Raphinha’s Impact and can Leeds Keep Him?

Raphinha

12 months after Leeds United signed the star from Rennes, Raphinha received his first Brazil cap. He came onto the pitch at 1-0 down, provided two goals and played a huge part in the play which won the penalty for a third. There has been a huge focus on Raphinha and his stand-out performances at Elland Road over the past year, attracting interest from the likes of Liverpool and Barcelona. Raphinha was a crucial piece in the jigsaw of Leeds’ return to the Premier League. The question is now: Can Leeds keep hold of Raphinha?

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Raphinha was a must-sign for Leeds, with Hélder Costa not looking up to the task and Ian Poveda being some way off the required level in 2020. There were no big transfer leaks. However, according to Phil Hay of the Athletic, he was on Leeds’ radar for the entire window. Leeds aren’t in the business of making rash transfer decisions, and only moved for Raphinha when Rennes said he was available at a cut-price on deadline day.

His first appearance was off the bench, in a 3-0 hammering of Aston Villa in which Patrick Bamford scored his first Premier League hattrick. Pablo Hernandez at this stage looks like his legs aren’t up to the Premier League, despite the vision and passing clearly still being there. Raphinha’s first action? A lovely 50-yard defence-splitting ball through to Jack Harrison. Leeds fans were immediately calling for him to be brought into the team. The die was cast for Hélder Costa after a disaster class against Crystal Palace, in which he missed several good chances and scored a freak own goal. Raphinha started thereafter.

Raphinha’s first start came in a 0-0 draw against Arsenal which Leeds dominated, but a 10-man Arsenal kept enough men behind the ball to keep Leeds out. Raphinha’s second start came against Everton. He scored the winner in a 1-0 win. A lovely 20-yard low drive:

And this was a sign of things to come. He provided brilliant goals and assists that could thread a needle all season. Along with his insanely exciting skillset. For your entertainment, I have included his wonderful ending of Gary Cahill’s career in a 2-0 win against Palace at Elland Road:

On top of this, Raphinha’s defensive work rate has been noted strongly by Bielsa. Not many players with his skill, talent and flare also get stuck into the defensive business. Raphinha is extremely unique in this regard. He is in the top 15% of positional peers for blocks and interceptions, and the top 10% for clearances per 90.

Now, the issue for Leeds. They are not a club that can bankroll huge contracts and transfers. Leeds United Chairman Andrea Radrizzani has said the club are emulating Leicester’s model of buying low and selling high. Raphinha was a steal at £17 million, and Leeds could easily make themselves a £30-40 million profit on him. Fbref compare his statistics and playstyle to that of Bruno Fernandes, Federico Chiesa, Lorenzo Insigne and even Gareth Bale. All big-name, world-class players. Raphinha’s desire to progress obviously feeds into the valuation. Leeds are not a top-level Champions League club that can demand huge numbers. If an offer comes in from a club like Barcelona or Liverpool, Leeds aren’t really in a position to say “no”. It is a case of finding an agreeable valuation.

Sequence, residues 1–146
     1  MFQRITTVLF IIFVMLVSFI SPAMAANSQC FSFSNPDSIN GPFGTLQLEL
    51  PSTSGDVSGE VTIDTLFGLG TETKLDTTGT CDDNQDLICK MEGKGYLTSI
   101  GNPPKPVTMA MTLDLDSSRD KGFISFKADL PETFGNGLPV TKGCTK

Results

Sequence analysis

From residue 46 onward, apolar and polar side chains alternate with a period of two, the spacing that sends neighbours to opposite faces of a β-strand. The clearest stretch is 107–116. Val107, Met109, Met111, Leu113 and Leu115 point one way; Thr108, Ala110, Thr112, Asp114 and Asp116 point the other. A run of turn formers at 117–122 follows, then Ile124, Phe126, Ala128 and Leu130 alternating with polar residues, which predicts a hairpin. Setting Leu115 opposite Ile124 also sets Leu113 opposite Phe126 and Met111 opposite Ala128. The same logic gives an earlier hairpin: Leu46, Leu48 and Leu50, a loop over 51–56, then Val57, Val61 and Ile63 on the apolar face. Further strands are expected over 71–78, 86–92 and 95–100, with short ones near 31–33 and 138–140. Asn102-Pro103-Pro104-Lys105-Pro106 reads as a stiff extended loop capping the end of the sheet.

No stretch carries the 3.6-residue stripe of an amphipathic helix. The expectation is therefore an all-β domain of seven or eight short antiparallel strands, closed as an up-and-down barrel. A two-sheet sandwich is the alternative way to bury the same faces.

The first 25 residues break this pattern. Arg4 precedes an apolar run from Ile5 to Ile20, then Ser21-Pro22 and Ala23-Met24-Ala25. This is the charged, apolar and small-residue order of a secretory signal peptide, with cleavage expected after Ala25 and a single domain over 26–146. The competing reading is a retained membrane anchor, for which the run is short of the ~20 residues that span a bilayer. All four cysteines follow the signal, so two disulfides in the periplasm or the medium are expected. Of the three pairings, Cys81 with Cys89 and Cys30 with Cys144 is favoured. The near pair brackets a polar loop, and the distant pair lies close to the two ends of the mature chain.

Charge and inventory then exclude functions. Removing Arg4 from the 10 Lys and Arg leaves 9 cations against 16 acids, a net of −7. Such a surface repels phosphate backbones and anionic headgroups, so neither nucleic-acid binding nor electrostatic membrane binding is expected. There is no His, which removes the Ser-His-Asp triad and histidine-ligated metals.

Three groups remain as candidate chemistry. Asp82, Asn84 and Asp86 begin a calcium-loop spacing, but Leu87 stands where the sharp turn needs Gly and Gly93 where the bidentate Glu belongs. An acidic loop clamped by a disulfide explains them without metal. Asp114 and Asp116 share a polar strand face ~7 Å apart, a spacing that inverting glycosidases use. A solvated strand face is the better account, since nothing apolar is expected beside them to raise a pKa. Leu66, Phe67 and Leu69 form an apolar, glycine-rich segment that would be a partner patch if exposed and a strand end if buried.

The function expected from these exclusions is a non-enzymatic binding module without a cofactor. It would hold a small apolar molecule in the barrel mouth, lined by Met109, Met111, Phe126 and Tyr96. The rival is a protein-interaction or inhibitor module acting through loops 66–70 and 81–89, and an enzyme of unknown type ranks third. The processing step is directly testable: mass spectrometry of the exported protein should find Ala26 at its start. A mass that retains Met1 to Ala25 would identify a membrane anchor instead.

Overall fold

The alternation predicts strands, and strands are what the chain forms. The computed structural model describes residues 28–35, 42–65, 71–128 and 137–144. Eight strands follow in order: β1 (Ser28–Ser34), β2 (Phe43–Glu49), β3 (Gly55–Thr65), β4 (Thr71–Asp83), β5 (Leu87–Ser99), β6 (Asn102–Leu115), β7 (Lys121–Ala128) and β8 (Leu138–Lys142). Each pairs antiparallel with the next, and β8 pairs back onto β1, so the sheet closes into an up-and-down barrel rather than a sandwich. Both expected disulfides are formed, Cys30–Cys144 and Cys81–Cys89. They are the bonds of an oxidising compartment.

As a Leeds United fan, I want nothing more than Raphinha to sign a bumper 5-year deal to keep him at Elland Road. If we do get him to sign a new deal, brilliant! Discount everything I am about to touch on below. However, unless Leeds qualify for Europe this season, which is looking like a near impossibility at this stage, a sale will be happening. It will also probably happen in the 2022 summer transfer window. With many players, such as a prime example in Patrick Bamford, you can expect a drop-off in form which will deter transfer interest. However, natural talent and mentality is something that will never disappear, so you can expect the interest in Raphinha to remain strong.

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I, like many, think anything short of £50 million for Raphinha in the 2022 summer window is unacceptable. Raphinha will have two years left on his deal with Leeds at this stage. This is, in theory, the best time to sell a player if you want to get their true value. Any later and clubs can drive the price down as the free transfer window gets closer. The bar has been set. Sancho, who has done next to nothing since moving to Manchester, was bought for over £70 million. Richarlison for £50 million.

That £50 million could be sensibly invested by Leeds. With heavy competitions on the wings and Crycensio Summerville edging ever closer to first-team action, Leeds could invest this in the hybrid number 8/10 midfielder which Bielsa needs for his system. A Premier League-level Mateusz Klich. The midfield at Leeds is extremely shallow in terms of depth. Rodrigo has cameoed in this role but is clearly more comfortable as the striker / false 9 in Bielsa’s system. Tyler Roberts has played there and never produces. With Daniel James and Jack Harrison both on long deals at the club, the next priority for Leeds would be a player to take on the creative output of Raphinha, but in the centre of the park. They could even look at another young, up-and-coming winger if there is some cash left.

It is an unfortunate part of football. The bigger, richer clubs will always take players from those less well-off. However, it offers the opportunity to repeat the process, and fund your club that way. It is a sustainable way to run a club, which has always been a priority for the Leeds board since Radrizzani bought the club.

Header Image Credit: Leeds United Twitter @LUFC

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